09/13/2011 09:16 EDT | Updated 11/13/2011 05:12 EST

Ontario leaders slammed in duelling reports

The McGuinty Liberals are ranked in one new report as the second-worst fiscal managers among Canada's 10 provincial governments, while another analysis slams the Progressive Conservative platform for its "systematic dishonesty."

The two reports, put out Tuesday by the Fraser Institute and the Canadian Centre for Policy Alternatives respectively, have plenty of criticisms for the frontrunners in the Oct. 6 election.

The Fraser Institute report, titled Measuring the Fiscal Performance of Canada’s Premiers, takes the Liberal government to task for what it deems high spending and a large debt and deficit. But it says McGuinty's record on taxes is mixed — cuts to business taxes in 2009 are lauded, although personal income taxes "remain high" compared with the other provinces.

"For Ontario to regain its position as an economic powerhouse within Canada, Premier McGuinty needs to curtail spending increases, quickly balance the provincial budget, and lower taxes on personal income," said Charles Lammam, co-author of the study in a release.

Former British Columbia Premier Gordon Campbell is ranked as having the best fiscal record. Prince Edward Island's Robert Ghiz — who, like the Ontario Liberal leader, is in the middle of a re-election campaign — is the only leader to fare worse than McGuinty in the Fraser Institute's rankings.

The rankings were based on provincial fiscal records up to the 2010/2011 fiscal year. The periods evaluated were different depending on the premier.

Provincial governments were given a composite score based on three components — spending, debt and deficit and taxes. The scores were weighted equally and aggregated to form the final score.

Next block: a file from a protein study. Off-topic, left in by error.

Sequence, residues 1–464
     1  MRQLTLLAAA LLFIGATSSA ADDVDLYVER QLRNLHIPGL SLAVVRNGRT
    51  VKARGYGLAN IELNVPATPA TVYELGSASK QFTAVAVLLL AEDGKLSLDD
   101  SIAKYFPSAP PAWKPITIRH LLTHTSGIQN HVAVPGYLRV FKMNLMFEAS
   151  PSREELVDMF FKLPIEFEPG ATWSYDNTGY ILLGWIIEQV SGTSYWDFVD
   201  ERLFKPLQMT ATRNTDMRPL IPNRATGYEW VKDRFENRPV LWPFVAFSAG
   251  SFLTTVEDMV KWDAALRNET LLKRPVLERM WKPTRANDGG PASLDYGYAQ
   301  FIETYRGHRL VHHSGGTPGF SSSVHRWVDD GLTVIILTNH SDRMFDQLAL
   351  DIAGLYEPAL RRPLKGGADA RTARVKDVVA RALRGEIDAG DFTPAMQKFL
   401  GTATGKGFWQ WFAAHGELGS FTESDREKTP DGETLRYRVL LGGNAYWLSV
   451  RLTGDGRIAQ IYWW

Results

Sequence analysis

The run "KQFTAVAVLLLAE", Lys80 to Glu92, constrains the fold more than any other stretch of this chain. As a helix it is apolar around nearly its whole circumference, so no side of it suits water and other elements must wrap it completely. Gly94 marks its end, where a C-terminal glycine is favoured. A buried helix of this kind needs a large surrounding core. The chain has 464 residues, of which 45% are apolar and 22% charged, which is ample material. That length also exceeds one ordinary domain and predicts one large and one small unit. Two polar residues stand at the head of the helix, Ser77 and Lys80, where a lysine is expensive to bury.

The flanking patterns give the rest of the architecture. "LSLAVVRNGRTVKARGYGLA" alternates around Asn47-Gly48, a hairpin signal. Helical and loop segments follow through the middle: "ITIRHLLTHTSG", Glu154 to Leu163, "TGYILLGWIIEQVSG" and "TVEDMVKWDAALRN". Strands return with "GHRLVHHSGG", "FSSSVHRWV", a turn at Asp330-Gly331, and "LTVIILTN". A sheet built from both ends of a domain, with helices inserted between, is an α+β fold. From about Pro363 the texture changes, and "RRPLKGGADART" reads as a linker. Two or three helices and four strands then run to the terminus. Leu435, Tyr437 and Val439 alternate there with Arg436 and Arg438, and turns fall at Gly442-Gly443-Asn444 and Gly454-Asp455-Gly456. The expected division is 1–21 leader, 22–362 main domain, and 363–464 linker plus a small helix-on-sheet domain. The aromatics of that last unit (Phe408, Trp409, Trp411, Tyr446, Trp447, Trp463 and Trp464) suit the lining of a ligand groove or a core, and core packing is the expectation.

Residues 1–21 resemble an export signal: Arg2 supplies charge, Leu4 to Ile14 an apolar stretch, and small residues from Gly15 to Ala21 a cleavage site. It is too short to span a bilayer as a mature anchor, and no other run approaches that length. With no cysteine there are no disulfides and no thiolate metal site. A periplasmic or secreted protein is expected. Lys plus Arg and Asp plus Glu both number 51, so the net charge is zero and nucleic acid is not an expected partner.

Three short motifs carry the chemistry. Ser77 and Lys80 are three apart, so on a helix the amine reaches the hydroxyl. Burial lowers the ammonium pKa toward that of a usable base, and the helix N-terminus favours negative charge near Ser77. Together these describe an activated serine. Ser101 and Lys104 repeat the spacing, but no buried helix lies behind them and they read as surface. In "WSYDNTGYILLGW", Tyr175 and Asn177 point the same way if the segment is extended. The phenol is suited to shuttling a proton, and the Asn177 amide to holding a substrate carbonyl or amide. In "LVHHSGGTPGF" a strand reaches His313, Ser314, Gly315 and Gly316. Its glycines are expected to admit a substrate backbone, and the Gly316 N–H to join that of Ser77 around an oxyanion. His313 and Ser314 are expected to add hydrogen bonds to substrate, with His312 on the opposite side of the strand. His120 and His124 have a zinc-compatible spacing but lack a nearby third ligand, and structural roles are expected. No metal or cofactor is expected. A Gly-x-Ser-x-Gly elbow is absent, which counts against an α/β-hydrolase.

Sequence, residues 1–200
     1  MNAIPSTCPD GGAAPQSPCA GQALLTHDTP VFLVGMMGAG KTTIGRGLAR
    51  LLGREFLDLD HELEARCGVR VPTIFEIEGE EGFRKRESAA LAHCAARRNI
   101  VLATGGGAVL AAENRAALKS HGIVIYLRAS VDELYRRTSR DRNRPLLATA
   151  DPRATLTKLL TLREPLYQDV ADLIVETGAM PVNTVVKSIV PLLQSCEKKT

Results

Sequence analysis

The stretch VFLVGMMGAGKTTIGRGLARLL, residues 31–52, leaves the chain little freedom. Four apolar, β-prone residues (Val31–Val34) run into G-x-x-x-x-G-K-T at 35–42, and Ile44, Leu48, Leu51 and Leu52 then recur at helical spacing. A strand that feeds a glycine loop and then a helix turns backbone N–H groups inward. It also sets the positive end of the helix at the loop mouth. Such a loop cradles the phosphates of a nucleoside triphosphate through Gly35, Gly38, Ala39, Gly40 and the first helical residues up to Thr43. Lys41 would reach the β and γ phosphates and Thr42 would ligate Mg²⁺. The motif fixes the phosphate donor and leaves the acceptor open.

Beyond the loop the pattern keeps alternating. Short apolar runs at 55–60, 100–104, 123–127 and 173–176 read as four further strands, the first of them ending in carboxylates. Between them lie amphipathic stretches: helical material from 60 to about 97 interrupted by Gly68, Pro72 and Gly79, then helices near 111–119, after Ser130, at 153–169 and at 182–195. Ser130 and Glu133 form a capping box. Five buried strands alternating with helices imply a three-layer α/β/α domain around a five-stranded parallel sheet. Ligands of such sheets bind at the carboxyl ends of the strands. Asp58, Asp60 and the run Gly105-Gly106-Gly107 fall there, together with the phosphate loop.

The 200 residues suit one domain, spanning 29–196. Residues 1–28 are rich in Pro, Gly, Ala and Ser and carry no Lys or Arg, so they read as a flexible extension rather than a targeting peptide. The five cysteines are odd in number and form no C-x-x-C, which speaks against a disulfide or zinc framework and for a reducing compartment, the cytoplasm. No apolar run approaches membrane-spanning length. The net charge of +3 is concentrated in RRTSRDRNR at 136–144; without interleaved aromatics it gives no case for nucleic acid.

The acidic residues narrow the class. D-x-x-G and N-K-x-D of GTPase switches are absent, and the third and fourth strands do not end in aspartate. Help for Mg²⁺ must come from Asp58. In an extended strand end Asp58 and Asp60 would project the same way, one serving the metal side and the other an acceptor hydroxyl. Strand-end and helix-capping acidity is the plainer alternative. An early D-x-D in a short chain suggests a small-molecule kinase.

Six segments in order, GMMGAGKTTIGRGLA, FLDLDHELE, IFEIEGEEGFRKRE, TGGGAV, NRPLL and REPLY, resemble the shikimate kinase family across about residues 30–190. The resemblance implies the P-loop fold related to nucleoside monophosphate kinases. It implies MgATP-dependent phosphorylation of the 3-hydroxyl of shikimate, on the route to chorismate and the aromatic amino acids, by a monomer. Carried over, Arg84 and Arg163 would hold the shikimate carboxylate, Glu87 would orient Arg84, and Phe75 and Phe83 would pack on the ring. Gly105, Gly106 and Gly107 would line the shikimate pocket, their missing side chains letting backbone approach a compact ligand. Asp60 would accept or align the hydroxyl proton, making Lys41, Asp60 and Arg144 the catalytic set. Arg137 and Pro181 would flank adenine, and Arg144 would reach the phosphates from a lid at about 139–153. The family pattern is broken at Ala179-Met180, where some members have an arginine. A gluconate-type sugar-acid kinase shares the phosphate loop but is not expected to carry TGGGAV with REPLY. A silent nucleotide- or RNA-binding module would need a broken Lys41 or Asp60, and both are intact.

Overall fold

Graphs for dummies?

Meanwhile, the Canadian Centre for Policy Alternatives finds Changebook, the Ontario Progressive Conservative platform, contains "consistently misleading and inaccurate statistical representations."

While the report released Tuesday examines only the presentation of data in Changebook and not the policy content, it says, "the pattern of systematic dishonesty which is visible in that presentation should give Ontarians ample reason to question the integrity and goals of the group that designed and published it."

Titled Graphs For Dummies: The Troubled Geometry of Tim Hudak’s changebook, the report authored by Canadian Auto Workers union economist Jim Stanford reviews 13 graphs presented in the platform.

The report singles out a number of issues that consistently appear in the graphs, including inconsistent scaling, inadequate or incorrect sourcing and a lack of proportions.

The report found none of the graphs were appropriately labelled and are "clearly unacceptable in normal academic or professional practice."